Junwei Zhao1 & Ruizhu Chen2,1
1. W. W. Hansen Experimental Physics Laboratory, Stanford University, Stanford, CA 94305-4085
2. Department of Physics, Stanford University, Stanford, CA 94305-4060
We report on the detection of waves of magnetic-field variations that were associated with flare-excited sunquake waves, a phenomenon that was not observed or reported before.
Sunquakes are detectable helioseismic waves excited by solar flares, exhibiting as expanding ripples in the photosphere. The GOES X-9.3 flare (SOL2017-09-06T11:53) that occurred in NOAA AR 12673 on September 9, 2017 generated a powerful sunquake event. Figure 1 shows a continuum image of this active region and the helioseismic power map reconstructed through a helioseismic holography technique by using the sunquake wave signals observed at a later time. At the initial stage of this flare, three sunquake sources are identified. More importantly, waves of magnetic-field variations are also observed accompanying the Doppler-velocity-observed sunquake waves in the green- and blue-line delimited regions. See the online movie below for the occurrence of the flare and the waves observed following the flare.
It is remarkable that all the SDO/HMI observables show evidences of the sunquake waves, including continuum intensity, line-core intensity, Doppler velocity, and magnetic field. Panels (a-d) of Figure 2 show the time–distance diagram of the sunquake wave observed in these four observables, with signals averaged from the green-line-delimited sectoral region in Figure 1b. Figure 2e-f shows the averaged oscillatory signals observed in the sunspot umbra and penumbra, respectively. Given the fact that waves in the umbra and penumbra show distinct properties, oscillatory signals in these two different areas are then analyzed separately.
Figure 1| (a) Map of helioseismic power at 11:56:15UT, reconstructed from the sunquake waves observed in Doppler velocity through a helioseismic holography method. `S1′, `S2′, and `S3′ represent the three distinct sunquake epicenters. (b) Continuum intensity map overlapped by white contours showing the locations of epicenters. Solid green lines delimit the area inside which observations are taken to calculate the time–distance diagrams shown in Figure 2, and the blue lines delimit the area where another magnetic wave was observed. Results for `umbra’ shown in Figure 3 are calculated from inside the green-line delimited area between the dashed arcs, and results for `penumbra’ are from the area between the right dashed arc and the green solid arc.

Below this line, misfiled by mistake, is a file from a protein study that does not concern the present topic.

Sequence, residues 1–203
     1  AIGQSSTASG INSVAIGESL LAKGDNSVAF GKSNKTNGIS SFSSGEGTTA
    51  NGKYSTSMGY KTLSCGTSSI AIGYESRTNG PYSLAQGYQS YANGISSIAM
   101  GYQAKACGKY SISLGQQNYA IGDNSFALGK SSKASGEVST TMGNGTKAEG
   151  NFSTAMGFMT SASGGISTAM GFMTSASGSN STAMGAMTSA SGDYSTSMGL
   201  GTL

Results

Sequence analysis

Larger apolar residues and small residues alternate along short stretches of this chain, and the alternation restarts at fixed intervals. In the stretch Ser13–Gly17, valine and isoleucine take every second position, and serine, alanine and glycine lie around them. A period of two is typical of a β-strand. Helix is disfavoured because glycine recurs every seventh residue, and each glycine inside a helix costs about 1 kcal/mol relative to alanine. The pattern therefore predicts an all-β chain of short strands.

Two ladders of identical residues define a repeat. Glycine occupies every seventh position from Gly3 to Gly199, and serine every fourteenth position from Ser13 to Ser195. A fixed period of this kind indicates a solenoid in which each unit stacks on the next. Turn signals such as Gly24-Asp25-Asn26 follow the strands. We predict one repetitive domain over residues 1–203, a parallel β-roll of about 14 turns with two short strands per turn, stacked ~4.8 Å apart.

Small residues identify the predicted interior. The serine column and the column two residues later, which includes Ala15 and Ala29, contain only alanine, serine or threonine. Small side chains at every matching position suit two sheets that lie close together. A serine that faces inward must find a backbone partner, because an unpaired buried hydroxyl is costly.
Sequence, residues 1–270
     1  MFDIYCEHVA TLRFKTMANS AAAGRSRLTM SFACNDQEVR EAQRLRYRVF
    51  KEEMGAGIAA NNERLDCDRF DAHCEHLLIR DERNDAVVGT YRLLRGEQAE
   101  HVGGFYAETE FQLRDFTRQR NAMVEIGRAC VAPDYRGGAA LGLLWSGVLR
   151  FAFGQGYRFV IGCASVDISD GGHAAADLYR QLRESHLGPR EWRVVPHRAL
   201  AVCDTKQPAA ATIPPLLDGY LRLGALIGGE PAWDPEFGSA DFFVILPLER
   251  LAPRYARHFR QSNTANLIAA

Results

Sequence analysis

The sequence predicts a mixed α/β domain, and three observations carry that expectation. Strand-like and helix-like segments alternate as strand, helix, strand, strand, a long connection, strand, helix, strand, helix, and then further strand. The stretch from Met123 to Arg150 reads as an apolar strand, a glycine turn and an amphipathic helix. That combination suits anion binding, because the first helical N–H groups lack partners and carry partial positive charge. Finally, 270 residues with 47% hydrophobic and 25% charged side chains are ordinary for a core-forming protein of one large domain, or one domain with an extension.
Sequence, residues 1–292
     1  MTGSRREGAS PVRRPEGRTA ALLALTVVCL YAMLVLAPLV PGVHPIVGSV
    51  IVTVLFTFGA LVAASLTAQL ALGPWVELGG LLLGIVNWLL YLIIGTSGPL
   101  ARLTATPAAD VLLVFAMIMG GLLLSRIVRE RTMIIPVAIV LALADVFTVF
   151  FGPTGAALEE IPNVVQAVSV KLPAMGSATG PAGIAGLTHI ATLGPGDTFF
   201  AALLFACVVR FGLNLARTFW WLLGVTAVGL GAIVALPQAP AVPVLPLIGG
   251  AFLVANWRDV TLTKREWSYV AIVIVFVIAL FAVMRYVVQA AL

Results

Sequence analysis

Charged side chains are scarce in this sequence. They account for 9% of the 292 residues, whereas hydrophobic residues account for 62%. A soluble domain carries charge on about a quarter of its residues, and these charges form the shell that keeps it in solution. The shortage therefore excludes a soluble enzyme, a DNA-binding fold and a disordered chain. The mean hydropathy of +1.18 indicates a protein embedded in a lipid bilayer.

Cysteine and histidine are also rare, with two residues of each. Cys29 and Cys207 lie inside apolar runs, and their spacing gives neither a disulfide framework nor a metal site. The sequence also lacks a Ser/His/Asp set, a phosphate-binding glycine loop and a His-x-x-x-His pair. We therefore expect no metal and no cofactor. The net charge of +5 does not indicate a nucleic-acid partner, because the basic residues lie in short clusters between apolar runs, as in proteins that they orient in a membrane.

To better understand both the cause and the nature of the observed magnetic waves, we investigate the phase relations between the Doppler and magnetic signals, as well as the frequency-dependent power distribution of the oscillatory signals observed by the Doppler and magnetic field. In order to better understand these phase and power relations, it is useful to compare these results with background waves: obtained from the same areas but after the sunquake wave passed. We analyze the background waves in two different wave: one uses signals at each pixel and average results later; and one average signals in small patches first and then compute phase and power distributions. Figure 3 shows comparisons of all these results.
Figure 2| Time–distance diagrams for the flare-excited waves using the HMI data of (a) continuum intensity, (b) line-core intensity, (c) Doppler velocity, and (d) line-of-sight magnetic field. Signals within distances of 26.5-35.0 arcsec and of 35.0-47.5 arcsec in each panel are averaged to give relative amplitude variations for the umbra (e) and penumbra (f), respectively. The v0, B0, Ic0 and ILC0 are values averaged at the same locations from a period of 50 min before the flare. Time in all panels is relative to 11:52:30UT.
Left (right) panels in Figure 3 show results for the umbra (penumbra). It can be found that the phase relations (between the Doppler- and magnetic-signals) differ in sunquake waves and in background waves in both the umbra and penumbra. For the power distribution, in the umbra, the Doppler-observed sunquake wave shows a power much stronger than background waves, and the magnetic-wave shows double peaks near 3.2 and 5.6 mHz. In the penumbra, the Doppler-observed sunquake wave has a magnitude similar to the background wave, and the magnetic-wave still has double peaks. These comparisons demonstrate that sunquake-associated magnetic waves are likely fast magnetoacoustic waves, while the background waves in magnetic regions are not primarily fast magnetoacoustic waves. Comparing the phase relations shown in Figure 3(a-b) with the simulations in Ref., we conclude that the magnetic waves associated with the sunquake waves are likely due to the opacity changes in the areas where large-amplitude sunquake waves pass.
Figure 3| Comparison of the sunquake wave, background waves, and averaged background waves in the umbra and penumbra. Left (right) column shows results from the umbra (penumbra). Top panels show phase differences between the Doppler-velocity and magnetic-field signals, with the negative sign representing that Doppler signal leads magnetic signal. Middle panels show the oscillatory power measured from Doppler velcoity, and bottom panels show the oscillatory power measured from magnetic-field variations. Note that the vertical axis scales for the umbra and penumbra are different for both the velocity and magnetic power.
For more details, please refer to our recent publication: Zhao & Chen, 2018, ApJ Lett., 860, L29.
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